In 2002, the Sept. 11 victims' families filed a lawsuit in federal court against the government of Saudi Arabia for their alleged role in funding and supporting al-Qaeda. The lawsuit floundered in 2013 amidst delays and a lack of substantial evidence, but new information has emerged that may resurrect the lawsuit.
Statements from former al-Qaeda operative Zacarias Moussaoui suggest that members of the Saudi royal family had been major donors to the terrorist group as recently as the late 1990s.
Moussaoui gave his account last October to Jerry Goldman, a shareholder at Anderson Kill law firm and a lawyer for Sept. 11 victims' families, and other lawyers from the federal supermax prison in Florence, Colorado, where he is serving a life sentence.
“He has absolutely nothing to gain from this testimony, except for telling the truth,” says Goldman.
The Saudi government rejects Moussaoui’s 100-page testimony, which describes a close relationship between the government of Saudi Arabia and the al-Qaeda operatives who planned the 9/11 attacks. But Goldman says Moussaoui’s testimony fits within a broad historical pattern.
“The bad behavior that we allege of the Saudi royal family goes back a considerable period of time, and perhaps it’s still continuing,” he says. “That relevance is important, and most importantly, it’s relevance that the American people as a whole — not just the victims of 9/11 — need to understand what happened and [to know] that people are finally held accountable for the wrongs that they caused.”
In light of Moussaoui’s testimony, some believe the lawsuit should go ahead. But Goldman says it appears that the US government is shielding the Saudis.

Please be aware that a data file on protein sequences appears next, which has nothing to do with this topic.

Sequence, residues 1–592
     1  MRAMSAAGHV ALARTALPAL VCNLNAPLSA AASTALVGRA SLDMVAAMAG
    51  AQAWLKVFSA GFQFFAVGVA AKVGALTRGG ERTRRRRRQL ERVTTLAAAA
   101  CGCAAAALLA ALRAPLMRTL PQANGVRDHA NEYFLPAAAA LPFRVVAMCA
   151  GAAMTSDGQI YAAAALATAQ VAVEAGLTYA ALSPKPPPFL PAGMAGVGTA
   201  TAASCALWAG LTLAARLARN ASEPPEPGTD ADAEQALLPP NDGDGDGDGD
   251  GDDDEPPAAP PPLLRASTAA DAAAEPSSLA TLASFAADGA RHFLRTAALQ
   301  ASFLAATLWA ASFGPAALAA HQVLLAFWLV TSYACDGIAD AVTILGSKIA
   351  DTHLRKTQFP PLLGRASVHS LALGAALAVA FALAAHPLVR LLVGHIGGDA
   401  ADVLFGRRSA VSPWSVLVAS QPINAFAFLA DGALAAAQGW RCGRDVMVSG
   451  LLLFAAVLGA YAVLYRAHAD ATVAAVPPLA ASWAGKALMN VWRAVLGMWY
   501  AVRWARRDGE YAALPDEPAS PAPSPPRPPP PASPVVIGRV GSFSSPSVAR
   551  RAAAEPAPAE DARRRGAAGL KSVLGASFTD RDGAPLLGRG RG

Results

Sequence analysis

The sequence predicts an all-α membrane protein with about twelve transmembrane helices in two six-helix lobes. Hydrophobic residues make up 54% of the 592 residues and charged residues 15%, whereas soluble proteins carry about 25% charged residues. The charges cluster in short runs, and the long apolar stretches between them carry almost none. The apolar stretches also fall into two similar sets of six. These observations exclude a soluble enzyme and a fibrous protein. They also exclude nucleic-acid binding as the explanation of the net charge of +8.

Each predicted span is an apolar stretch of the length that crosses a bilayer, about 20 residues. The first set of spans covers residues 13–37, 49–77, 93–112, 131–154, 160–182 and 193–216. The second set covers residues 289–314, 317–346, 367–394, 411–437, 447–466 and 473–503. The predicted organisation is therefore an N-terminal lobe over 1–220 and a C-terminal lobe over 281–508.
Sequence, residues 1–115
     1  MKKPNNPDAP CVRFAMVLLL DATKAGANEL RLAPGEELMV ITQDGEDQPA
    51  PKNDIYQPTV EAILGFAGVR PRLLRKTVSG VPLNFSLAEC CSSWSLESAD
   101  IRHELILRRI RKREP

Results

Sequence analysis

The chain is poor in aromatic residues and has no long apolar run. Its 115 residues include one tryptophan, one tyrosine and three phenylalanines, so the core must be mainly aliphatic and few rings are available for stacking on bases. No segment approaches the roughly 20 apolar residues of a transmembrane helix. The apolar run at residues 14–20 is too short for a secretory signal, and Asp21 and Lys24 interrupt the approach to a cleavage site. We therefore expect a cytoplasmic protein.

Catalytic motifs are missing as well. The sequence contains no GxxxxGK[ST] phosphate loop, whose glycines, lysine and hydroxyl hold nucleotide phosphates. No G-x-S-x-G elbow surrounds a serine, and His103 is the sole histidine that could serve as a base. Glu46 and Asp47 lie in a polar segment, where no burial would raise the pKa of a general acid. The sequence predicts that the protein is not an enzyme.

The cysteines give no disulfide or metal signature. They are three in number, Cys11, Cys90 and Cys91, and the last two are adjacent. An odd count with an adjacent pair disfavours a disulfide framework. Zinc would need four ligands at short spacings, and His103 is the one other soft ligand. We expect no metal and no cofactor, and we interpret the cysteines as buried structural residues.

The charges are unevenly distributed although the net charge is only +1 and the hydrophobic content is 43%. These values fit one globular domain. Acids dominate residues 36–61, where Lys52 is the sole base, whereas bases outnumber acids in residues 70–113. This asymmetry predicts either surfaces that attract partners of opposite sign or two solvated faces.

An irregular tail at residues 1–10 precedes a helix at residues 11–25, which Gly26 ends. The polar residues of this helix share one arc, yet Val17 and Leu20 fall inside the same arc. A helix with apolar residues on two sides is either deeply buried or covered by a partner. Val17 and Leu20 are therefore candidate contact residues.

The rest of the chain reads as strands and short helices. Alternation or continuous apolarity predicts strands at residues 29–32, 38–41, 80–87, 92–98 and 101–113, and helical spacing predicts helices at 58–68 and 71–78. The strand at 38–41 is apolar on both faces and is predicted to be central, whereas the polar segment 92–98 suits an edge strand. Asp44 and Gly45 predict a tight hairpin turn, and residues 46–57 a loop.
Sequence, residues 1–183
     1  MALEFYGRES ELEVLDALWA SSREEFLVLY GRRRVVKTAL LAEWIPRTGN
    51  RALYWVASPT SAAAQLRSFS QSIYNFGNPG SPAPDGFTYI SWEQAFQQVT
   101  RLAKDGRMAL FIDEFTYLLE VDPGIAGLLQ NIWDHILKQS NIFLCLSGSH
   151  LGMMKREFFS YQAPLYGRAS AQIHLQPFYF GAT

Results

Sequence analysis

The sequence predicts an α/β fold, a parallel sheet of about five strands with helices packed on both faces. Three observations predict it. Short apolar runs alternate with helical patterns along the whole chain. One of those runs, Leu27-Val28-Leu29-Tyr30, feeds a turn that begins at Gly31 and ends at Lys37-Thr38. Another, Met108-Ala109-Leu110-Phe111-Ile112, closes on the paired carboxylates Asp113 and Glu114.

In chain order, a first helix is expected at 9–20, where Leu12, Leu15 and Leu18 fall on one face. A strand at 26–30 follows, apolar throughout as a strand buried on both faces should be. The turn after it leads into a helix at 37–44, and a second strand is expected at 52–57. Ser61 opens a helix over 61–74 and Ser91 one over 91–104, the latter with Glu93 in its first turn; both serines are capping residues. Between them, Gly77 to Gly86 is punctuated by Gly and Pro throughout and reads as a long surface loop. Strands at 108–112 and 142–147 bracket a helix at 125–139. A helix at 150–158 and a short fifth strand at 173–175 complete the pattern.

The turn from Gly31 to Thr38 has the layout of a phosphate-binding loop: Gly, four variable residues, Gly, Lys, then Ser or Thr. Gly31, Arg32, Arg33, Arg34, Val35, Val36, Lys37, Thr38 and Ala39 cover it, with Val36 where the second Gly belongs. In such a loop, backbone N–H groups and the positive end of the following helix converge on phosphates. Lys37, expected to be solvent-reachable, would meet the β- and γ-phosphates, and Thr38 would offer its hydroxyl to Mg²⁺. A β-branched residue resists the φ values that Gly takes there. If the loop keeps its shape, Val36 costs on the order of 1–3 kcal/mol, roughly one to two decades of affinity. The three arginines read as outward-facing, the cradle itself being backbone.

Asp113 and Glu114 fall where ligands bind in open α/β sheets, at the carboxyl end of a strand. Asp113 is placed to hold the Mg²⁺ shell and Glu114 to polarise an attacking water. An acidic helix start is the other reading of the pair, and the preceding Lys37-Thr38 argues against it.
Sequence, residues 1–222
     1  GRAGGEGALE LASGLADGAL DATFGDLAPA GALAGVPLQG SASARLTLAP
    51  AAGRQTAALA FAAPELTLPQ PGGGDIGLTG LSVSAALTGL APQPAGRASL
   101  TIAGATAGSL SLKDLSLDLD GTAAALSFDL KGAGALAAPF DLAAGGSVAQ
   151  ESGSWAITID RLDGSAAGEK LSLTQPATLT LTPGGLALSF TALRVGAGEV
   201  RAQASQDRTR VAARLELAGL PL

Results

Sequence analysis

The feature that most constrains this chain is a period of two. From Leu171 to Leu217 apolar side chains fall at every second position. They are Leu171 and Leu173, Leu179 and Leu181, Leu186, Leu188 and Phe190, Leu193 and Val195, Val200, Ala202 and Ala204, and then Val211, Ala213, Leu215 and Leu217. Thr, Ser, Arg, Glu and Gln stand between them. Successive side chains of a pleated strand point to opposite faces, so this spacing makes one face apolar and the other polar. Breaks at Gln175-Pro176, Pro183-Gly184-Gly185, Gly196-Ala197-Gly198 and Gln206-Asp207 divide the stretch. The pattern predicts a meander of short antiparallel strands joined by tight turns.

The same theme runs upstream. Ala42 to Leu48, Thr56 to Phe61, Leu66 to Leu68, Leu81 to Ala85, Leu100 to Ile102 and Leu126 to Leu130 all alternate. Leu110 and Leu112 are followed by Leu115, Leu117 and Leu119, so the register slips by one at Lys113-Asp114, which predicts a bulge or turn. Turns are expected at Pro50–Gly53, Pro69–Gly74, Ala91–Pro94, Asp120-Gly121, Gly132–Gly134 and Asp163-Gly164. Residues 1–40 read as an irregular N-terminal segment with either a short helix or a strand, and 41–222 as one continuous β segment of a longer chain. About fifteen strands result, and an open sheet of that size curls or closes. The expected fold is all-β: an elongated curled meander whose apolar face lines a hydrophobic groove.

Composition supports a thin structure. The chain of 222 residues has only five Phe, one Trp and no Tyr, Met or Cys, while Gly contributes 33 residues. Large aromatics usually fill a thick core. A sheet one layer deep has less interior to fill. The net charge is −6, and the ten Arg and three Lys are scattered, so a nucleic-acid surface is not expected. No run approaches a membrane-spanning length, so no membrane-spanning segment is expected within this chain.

“In our view, all of the information has not been released,” he says. “We’ve been working at this for 12 years and we’ve made a lot of progress, but there’s more progress to be made.”
Goldman says that he is waiting for the government to release the 28 pages redacted from the 9/11 Commission Report and the papers seized from Osama bin Laden's home in Pakistan several years ago — something federal officials have yet to do.
“We are confident at this point that when all of the evidence is revealed that our theory of the case linking the Kingdom of Saudi Arabia to 9/11 will be found in a court of law,” he says. “The American people and the victims will then have justice.”
More than a decade after the towers collapsed, some are asking why this testimony hasn’t come out sooner. Moussaoui years ago gave his account to an attorney representing the family of former FBI counterterrorism chief John O'Neill, who died in the 9/11 attacks. O'Neill was believed to be among the most knowledgeable US officials on the connection between the late Osama Bin Laden and the Saudi royal family.
“I think John O’Neill would have been happy that people were finally asking Zacarias Moussaoui questions,” says Goldman. “I think the question that really arises is why didn’t the government really ask Zacarias Moussaoui the questions that we did? It’s clear that they didn’t during the course of his trial, and the judge at that trial raised that in a recent book: Why didn’t they try to flip him?"